Tonight, after a scrumptious Thanksgiving meal my husband and our 14-year-old son prepared, we popped in a DVD of Twilight Zone’s first season in 1959. For those of you too young to remember, Rod Serling hosted and narrated this Emmy-award winning TV show, which ran for five seasons. Both my husband and I were born too late to watch the original shows, but we fondly remember watching the Saturday night reruns on New York’s WPIX as teenagers, and are enjoying sharing these episodes with our sons.
We watched an episode called “Escape Clause” about a Walter Bedeker, an embittered hypochondriac who sells his soul to Cadwallader, a.k.a. the Devil, in exchange for immortality. Here is the scene where the man encounters the Devil.
Serling wrote about half of the Twilight Zone episodes, including this one, and won more Emmys for dramatic writing than anyone in history. Nothing is religious about these black-and-white episodes, but they do convey strong moral messages without being heavy handed. I would recommend this series for children in middle school and older. (The 2002 revival of series is, in my opinion, not worth watching.)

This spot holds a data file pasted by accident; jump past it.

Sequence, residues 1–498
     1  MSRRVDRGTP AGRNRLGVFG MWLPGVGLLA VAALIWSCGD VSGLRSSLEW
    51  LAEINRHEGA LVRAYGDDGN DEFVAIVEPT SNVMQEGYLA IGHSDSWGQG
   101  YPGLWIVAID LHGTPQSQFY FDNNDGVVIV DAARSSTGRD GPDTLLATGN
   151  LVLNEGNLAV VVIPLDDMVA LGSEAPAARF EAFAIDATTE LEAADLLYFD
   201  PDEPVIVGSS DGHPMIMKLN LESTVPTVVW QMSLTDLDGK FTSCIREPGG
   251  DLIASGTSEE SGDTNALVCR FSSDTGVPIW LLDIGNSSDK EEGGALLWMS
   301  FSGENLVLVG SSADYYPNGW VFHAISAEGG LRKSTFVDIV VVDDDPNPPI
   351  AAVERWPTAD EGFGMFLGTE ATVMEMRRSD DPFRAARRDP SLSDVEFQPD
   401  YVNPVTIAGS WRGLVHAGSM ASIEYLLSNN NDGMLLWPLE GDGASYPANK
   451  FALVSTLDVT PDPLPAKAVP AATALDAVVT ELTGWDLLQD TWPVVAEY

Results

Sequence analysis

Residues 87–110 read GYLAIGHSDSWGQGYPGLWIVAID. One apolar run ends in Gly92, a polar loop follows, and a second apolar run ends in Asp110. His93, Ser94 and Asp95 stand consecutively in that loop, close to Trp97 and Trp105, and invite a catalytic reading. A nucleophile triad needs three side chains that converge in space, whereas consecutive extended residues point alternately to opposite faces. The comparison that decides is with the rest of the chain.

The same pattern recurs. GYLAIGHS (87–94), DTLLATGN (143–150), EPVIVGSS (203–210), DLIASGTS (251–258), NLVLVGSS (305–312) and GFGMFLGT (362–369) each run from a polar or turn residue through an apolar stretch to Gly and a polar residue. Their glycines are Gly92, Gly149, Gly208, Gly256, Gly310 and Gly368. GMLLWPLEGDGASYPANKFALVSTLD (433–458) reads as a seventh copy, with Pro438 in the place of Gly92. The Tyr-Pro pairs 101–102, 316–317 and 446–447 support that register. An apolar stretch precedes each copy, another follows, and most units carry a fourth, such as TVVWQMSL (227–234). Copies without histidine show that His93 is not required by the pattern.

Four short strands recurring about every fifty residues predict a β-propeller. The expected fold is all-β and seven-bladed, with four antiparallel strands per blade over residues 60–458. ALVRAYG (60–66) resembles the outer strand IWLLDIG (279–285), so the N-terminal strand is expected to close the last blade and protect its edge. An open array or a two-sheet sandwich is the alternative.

Born Christmas Day in 1924, Serling grew up in Binghampton, New York, graduated from Antioch College and converted from Judaism to Unitarianism to marry his college sweetheart. Together they raised two daughters. A veteran of World War II who became deeply concerned with moral issues, Serling died in 1975.
Whole fan sites are devoted to analyzing the moral messages and twist endings of Serling’s Twilight Zone tales. One theme of all the episodes I have viewed is Serling’s view that human beings must connect with one another. And that all humans have equal value. According to his wife, Rod Serling often said that “the ultimate obscenity is not caring, not doing something about what you feel, not feeling! Just drawing back and drawing in; becoming narcissistic.”
This care for others certainly is a value we hope we are nurturing in our children. As Pope Benedict XVI says: “The unbreakable bond between love of God and love of neighbor is emphasized. One is so closely connected to the other that to say that we love God becomes a lie if we are closed to our neighbor or hate him altogether. Saint John’s words should rather be interpreted to mean that love of neighbor is a path that leads to the encounter with God, and that closing our eyes to our neighbor also blinds us to God.”